A Federal High Court in Abuja has struck out a case of fundamental rights filed by the spokesperson of the Peoples’ Democratic Party (PDP), Olisa Metuh, against the Economic and Financial Crimes Commission (EFCC).
Mr. Metuh is facing a seven-count charge of corruption and money laundering, for illegally receiving and spending N400 million, being part of $2.1 billion arms money diverted by former National Security Adviser, Sambo Dasuki.
He had approached the court with an application seeking his release from detention, following his arrest in January.
His lawyer, Onyeachi Ikpeazu, argued that his client was unlawfully detained by the commission and had asked the court to declare a magistrate court’s order of the arrest unconstitutional.
The counsel to the EFCC, Sylvanus Tahir, however said the order was made by a court of law, hence Mr. Metuh’s detention could not have been unconstitutional.
In his ruling, the trial Judge, Okon Abang, ruled that the EFCC or any order agent of the government can detain Mr. Metuh, based on an order of court.
“It is my view that the applicant cannot complain of being held illegally, if he was held by an order of court,” the judge said. “This court in determining his fundamental rights cannot overthrow the decision of the Magistrate Court.”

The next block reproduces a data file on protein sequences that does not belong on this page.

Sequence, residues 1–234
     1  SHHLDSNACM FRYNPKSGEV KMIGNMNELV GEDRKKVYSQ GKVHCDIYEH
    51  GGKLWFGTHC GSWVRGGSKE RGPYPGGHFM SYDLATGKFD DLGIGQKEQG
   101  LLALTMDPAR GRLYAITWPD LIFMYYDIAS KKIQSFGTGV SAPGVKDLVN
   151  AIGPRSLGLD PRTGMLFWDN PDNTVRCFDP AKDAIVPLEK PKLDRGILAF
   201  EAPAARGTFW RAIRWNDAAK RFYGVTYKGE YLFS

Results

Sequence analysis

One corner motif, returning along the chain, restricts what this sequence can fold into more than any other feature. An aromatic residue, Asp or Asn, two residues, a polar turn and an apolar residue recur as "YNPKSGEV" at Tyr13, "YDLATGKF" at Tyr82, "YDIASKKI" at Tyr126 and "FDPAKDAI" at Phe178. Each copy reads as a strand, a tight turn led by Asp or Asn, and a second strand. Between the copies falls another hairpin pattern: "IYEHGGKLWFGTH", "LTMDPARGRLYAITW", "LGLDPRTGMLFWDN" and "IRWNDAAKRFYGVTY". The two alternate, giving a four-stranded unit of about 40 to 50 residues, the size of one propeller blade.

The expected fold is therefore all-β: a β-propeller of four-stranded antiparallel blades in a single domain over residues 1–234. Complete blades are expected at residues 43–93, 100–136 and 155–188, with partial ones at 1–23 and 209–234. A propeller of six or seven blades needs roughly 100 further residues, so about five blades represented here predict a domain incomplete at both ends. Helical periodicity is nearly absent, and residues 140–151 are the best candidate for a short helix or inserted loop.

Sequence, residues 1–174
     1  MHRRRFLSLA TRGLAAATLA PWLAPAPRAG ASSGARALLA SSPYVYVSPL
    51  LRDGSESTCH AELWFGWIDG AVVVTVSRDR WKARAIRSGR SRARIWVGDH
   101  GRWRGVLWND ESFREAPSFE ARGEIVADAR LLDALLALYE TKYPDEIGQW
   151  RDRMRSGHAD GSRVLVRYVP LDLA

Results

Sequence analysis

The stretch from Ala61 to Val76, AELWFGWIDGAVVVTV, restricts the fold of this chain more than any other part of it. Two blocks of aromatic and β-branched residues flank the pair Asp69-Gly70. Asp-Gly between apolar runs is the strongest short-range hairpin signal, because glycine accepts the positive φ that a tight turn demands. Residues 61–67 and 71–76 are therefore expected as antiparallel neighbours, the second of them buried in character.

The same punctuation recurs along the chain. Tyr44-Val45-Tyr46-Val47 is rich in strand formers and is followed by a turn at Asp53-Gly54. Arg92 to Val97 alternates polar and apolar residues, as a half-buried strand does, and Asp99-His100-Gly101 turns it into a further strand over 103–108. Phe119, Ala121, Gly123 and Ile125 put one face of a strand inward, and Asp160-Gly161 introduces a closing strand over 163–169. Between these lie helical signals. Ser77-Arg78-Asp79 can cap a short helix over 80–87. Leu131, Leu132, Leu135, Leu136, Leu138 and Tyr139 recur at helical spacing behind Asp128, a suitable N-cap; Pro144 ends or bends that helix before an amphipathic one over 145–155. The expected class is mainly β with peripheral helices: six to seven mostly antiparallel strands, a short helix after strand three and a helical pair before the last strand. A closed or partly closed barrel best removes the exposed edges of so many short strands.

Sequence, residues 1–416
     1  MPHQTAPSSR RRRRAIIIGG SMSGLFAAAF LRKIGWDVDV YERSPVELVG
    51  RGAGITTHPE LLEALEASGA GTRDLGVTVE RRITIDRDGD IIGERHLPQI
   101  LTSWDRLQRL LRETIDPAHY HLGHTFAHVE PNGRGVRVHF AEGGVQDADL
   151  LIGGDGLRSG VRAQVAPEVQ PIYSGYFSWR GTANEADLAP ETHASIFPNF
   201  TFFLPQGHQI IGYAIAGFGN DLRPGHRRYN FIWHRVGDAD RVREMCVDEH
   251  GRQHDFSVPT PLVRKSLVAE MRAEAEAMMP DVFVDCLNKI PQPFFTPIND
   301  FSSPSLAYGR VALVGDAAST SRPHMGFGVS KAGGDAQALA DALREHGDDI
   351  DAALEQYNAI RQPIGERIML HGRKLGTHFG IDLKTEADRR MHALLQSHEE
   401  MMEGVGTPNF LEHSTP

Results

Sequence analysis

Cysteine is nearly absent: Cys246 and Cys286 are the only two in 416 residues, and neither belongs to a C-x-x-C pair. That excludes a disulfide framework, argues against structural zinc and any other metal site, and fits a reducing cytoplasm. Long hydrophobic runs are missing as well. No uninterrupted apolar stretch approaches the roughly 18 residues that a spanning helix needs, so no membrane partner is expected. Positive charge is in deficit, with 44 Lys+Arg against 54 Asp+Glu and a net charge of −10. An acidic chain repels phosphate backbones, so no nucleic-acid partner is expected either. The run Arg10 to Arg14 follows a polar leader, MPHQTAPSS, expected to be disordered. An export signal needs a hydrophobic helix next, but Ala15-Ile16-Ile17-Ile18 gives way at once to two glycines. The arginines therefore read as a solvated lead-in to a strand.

The judge said the applicant could challenge the order of the magistrate court by going before the same court to ask it to set aside its order, or asking a High Court to do so.
He however said the court could not rule that the Magistrate Court lacked jurisdiction to issue such an order.
“This court in its jurisdiction lacks power to declare the order that remands him for 10 days as unconstitutional since the remand order subsist,” the judge said.
“It is my view that the detainee cannot complain of unlawful detention by any department of the government where the detention was made with an order of court,” Mr. Abang ruled.
The judge ruled that the applicant’s complain of being held for an upward of 10 days was lawful.
Mr. Abang directed Mr. Metuh to pay N15, 000 to the EFCC as damages.